Developmental expression of vitamin K-dependent gamma-carboxylase activity in zebrafish embryos: Effect of warfarin

Ravikumar Hanumanthaiah, Bharath Thankavel, Kenneth Day, Michael Gregory, Pudur Jagadeeswaran

Research output: Contribution to journalArticlepeer-review

19 Scopus citations

Abstract

Vitamin K-dependent gamma-carboxylation is an essential posttranslational modification required for the functional activity of coagulation proteins such as factors VII, IX, X, and prothrombin. Warfarin, an inhibitor of vitamin K-dependent gamma-carboxylation, was used in earlier work on adult zebrafish to provide evidence for the presence of vitamin K-dependent carboxylase in zebrafish. Here we demonstrate the presence of vitamin K-dependent carboxylase activity in zebrafish by directly assaying the microsomal fraction prepared from adult, unfertilized eggs, and embryos from different developmental stages. Gamma-carboxylase activity was detected both before and after fertilization of embryos and the activity levels remained relatively constant from 6 h postfertilization (hpf) through other advanced stages of development. The expression of activity in the early embryos (0-6 hpf) may be due to the presence of maternal protein since the activity was detected even in the unfertilized eggs. Gamma-carboxylase activity in the eggs as well as early embryos suggested that vitamin K-dependent carboxylase is important throughout development. The detection of vitamin K-dependent carboxylase mRNA by RT-PCR and inhibitor studies using warfarin confirmed these activity results. Further, these studies provide a basis for selecting warfarin-resistant zebrafish mutants in order to find genes regulating gamma-carboxylase activity including the yet unidentified vitamin K-epoxide reductase.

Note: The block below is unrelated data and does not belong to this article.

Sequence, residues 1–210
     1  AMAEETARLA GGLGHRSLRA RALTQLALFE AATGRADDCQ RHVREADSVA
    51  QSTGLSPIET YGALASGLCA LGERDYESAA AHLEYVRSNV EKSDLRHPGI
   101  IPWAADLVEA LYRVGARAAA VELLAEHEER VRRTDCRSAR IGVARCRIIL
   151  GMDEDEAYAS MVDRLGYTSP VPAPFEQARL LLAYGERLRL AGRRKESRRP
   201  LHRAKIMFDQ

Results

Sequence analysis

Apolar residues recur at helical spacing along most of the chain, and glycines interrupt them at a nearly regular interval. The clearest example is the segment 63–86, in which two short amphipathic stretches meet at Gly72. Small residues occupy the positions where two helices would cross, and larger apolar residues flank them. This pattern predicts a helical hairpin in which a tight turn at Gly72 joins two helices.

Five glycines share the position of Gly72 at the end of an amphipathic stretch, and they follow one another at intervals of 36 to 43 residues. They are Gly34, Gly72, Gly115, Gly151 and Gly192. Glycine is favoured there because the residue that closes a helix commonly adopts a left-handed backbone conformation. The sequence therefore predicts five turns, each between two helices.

Original languageEnglish (US)
Pages (from-to)992-999
Number of pages8
JournalBlood Cells, Molecules, and Diseases
Volume27
Issue number6
DOIs
StatePublished - 2001

ASJC Scopus subject areas

  • Molecular Medicine
  • Molecular Biology
  • Hematology
  • Cell Biology

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